6) He has an unflagging craving to be a better man.
It's an extension of my first point. Nobody can be as idealistic as Kostya Levin without feeling that they personally don't measure up. It's obvious early on that self-esteem is not his strong point. He compares himself with the impressive achievements of his peers and rates himself 'a fellow with no ability, doing what according to the eyes of the world is done by people fit for nothing else.' When Kitty rejects his proposal he's not surprised, because all along he'd wondered what could possibly give him the nerve to think she'd ever accept him. I had a feeling he'd have to come to some sort of peace with the idea that he had nothing going for him, and kept looking forward to finding out how he'd come to it.
Furthermore, I started off with the mistaken notion that he's stodgy and plain, and imagined him that way, because it was how he chose to think of himself. Yet I stood corrected when I saw him through the eyes of other characters, such as Kitty and Dolly. To them, he's actually quite handsome, charming and attractive. OK, so now I'm with it.
7) His feelings about bureaucratic red tape ring true.
We are all forced to jump through bureaucratic hoops, but Levin's way of expressing the frustration makes me grin. He considers it, 'a feeling of misery akin to the helplessness one feels in dreams when one tries to use physical force.' Also, he can't figure out whose interest it is to keep stuffing him up and causing the roadblocks. If he could understand why they exist he'd find it easier to be patient, but nobody can even explain why the hitches were ever created. Yep, I've been there.
8) He's a true introvert.
This one may appeal mostly to those of us who can relate to him. I'm definitely on his page. Small talk drains him and intense social focus exerts a great weariness on his spirit. The challenge to take things in directly as they happen is taxing on his attention span, and he could really benefit from the chance to step back and process it all. But social events aren't designed to let us do that. The mental fatigue of trying to behave like the more extroverted personalities all day sometimes causes him to say inane things he later regrets. And at one point, he feels a flash of disappointment to see that the people he's socially obligated to call on are at home, as he'd hoped they'd be out. Now all he can do is try to figure out the social cues to disappear as soon as he can. Gotta love him.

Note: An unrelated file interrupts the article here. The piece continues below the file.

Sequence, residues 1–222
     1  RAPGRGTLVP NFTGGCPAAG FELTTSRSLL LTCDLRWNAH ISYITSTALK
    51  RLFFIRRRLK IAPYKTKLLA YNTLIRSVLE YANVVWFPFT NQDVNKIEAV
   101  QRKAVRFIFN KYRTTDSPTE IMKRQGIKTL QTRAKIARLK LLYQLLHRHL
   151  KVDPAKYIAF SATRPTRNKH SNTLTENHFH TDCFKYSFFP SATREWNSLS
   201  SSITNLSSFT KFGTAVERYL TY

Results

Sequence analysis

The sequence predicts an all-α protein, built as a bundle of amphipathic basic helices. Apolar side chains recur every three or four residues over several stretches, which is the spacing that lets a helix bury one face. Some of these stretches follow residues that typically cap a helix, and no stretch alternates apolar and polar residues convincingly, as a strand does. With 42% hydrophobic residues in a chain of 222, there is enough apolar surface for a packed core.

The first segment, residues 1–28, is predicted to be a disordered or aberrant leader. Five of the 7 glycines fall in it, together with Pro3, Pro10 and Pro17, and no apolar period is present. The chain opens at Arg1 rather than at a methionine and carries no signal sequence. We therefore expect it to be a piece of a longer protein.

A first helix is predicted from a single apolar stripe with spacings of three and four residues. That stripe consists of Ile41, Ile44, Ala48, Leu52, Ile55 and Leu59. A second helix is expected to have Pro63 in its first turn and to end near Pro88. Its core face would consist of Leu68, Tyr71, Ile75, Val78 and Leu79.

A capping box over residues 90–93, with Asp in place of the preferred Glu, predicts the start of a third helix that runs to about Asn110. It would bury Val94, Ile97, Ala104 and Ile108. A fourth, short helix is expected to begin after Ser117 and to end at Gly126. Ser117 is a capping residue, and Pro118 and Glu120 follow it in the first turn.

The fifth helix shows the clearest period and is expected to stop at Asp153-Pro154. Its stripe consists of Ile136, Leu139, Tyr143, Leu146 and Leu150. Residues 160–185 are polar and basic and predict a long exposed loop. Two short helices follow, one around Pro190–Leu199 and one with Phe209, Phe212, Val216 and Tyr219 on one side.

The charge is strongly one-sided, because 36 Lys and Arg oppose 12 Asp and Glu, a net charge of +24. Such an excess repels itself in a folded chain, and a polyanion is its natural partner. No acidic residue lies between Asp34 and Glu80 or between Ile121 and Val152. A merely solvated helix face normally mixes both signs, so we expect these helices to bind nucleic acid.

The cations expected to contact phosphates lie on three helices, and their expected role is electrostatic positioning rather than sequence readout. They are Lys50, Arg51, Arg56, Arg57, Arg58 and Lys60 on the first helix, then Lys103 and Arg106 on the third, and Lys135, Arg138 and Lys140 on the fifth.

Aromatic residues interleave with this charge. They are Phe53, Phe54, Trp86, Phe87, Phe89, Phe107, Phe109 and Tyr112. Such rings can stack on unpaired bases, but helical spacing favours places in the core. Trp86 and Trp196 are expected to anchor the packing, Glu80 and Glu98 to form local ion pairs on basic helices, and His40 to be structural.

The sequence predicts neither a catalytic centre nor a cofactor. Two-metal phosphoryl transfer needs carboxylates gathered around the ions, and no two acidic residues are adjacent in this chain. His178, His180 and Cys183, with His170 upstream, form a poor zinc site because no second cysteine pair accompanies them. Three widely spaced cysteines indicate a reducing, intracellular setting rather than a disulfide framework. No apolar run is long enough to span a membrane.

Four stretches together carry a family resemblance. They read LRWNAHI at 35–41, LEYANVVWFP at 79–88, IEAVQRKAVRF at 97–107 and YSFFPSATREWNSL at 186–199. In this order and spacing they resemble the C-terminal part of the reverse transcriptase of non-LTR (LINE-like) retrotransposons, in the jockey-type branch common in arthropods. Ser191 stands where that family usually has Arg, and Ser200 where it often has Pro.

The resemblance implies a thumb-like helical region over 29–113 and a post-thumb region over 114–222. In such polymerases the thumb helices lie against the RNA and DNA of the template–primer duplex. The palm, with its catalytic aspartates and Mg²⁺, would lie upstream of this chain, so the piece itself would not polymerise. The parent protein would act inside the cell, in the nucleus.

9) His final epiphany gives us permission to be ourselves.
Konstantin realises he's been over-thinking far too much, for far too long. When he simply lives his life and immerses himself in his daily routine, he's happy enough. But he comes unstuck whenever he starts agonising over the meaning and value of his own life. His realisation at the end of the story stikes a double blow, at both his low self-esteem and the agnosticism he's been struggling with. He's been straining his brain to understand something which can really only be accepted by faith. God's got it all sorted and we haven't. There's a point where human struggles to delve into the deepest mysteries bring us up against a brick wall, because faith and reasoning are totally different from each other. Letting go of a need for a rational explanation for belief in God's presence and our own worth is a vast relief for him, freeing him up to enjoy his family, work on the land, and dealings with his workers, without the angst of feeling obliged to justify it all. I love how Kostya himself chooses to put it. 'I've been living right, but thinking wrong.' It's an excellent loophole for those of us who've been sucked into the trap of doing similar things.